This segment of John Smith's 1608 map shows Appamatuck (top left) a chief's
village marked by a house. To the right of "Smith" is the Appomattox river.
Ettrick was an Indian village (probably the 2nd circle with a dot) on the rapids
just to the right of the limit of exploration (marked by the Iron Cross symbol).
In 1607 Christopher Newport
visited this Indian village in Ettrick.
In 1620 all the eastern
villages were moved
west. Many villages were
 consolidated into a
single village on the
Appomattox in Ettrick.
When you add all this up
it's obvious that for the
Indians, there was
something
very special
about
Ettrick.

The answer to this question
lies beneath the surface of
the lake that was created by
the dam downstream in
1773, which backs the
water up to the rapids
above Campbell's bridge.
The Narrow falls of the Appomattox river in Ettrick and Petersburg Va.
Before the dam downstream raised the water level here 9 feet, there was a 9 foot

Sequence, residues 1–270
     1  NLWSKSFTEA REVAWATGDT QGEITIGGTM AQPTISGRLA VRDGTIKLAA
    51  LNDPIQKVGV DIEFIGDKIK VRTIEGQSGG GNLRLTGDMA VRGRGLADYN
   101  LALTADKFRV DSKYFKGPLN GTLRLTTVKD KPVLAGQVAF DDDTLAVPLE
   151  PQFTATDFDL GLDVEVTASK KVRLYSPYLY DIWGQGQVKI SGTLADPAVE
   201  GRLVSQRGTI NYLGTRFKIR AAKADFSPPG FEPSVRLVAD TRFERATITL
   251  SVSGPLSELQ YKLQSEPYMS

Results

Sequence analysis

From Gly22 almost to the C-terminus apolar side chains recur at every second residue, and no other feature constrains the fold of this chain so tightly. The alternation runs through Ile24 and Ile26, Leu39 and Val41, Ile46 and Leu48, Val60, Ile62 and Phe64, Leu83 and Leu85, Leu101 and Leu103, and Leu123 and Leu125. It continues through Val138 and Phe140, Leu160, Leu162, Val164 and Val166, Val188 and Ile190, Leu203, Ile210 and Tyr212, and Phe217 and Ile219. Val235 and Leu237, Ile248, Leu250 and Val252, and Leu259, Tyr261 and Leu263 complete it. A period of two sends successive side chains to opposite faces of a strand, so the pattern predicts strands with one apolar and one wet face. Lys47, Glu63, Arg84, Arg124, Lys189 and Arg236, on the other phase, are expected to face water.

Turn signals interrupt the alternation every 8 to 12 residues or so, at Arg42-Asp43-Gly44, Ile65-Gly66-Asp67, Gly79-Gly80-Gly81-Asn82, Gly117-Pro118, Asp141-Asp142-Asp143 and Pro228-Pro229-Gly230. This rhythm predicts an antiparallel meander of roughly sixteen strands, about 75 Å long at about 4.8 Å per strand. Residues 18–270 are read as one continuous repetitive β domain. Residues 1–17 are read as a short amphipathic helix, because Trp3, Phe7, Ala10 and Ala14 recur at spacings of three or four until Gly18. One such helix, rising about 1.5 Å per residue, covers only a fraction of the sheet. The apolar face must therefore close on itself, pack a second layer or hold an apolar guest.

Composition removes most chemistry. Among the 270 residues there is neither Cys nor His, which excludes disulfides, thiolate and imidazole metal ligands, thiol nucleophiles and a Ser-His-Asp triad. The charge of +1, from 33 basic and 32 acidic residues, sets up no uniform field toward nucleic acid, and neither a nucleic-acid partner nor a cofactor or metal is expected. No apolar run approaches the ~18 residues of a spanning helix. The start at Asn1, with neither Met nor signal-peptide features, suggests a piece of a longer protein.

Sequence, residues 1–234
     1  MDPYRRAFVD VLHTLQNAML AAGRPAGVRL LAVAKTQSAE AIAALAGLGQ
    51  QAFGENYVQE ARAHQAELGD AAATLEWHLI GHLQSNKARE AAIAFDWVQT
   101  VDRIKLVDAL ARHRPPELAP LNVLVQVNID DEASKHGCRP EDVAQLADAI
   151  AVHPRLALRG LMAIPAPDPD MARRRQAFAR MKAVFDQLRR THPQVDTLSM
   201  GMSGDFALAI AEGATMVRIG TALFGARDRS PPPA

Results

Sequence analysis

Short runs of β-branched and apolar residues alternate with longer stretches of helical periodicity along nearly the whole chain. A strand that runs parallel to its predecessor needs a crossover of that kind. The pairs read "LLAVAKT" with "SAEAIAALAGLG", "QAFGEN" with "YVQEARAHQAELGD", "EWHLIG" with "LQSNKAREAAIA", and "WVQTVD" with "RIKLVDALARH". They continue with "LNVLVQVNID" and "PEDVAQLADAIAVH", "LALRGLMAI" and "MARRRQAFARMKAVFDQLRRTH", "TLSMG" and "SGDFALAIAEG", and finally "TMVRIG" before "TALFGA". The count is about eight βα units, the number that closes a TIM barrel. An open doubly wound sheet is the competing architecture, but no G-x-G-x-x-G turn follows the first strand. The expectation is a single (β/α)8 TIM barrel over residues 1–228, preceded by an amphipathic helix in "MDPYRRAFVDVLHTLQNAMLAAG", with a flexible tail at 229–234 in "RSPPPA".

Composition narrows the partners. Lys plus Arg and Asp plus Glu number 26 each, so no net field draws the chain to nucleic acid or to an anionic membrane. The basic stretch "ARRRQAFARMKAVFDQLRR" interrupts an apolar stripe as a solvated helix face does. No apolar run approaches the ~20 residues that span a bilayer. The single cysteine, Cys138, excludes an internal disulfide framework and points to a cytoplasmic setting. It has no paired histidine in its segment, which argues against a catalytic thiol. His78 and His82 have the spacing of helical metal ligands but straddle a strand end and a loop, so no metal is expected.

waterfall located just to the left of the huge boulder in the center, named "The Narrow
Falls" by the early explorers. Migrating fish, including 12 foot Sturgeon would swim
upstream to this point. Unless conditions were just right they could not pass upstream.
  This afforded the Indians in Ettrick one of the best fishing holes in the eastern US.
We have named this huge boulder on the right "Narrow Falls Overlook" because from it
there is a commanding view upstream and down, and before 1773 it was the best
viewpoint of the Narrow Falls waterfall. One can just picture a gorgeous waterfall with
Indians all over it, scooping up the fish.
  Anyone who visits the North Side Mills is drawn to this rock. They climb it and check
out the views. One doesn't need a history book to know that every important historical
figure that came to this spot probably stood on this rock, Christopher Newport, John
Smith, Chief Powhatan, Pocahontas, John Rolfe, who knows. For the record, I have
stood or sat on this rock many times watching turtles fish or the beavers working
upstream

  History and scenery here are inseparable, a feast for the eyes and the imagination.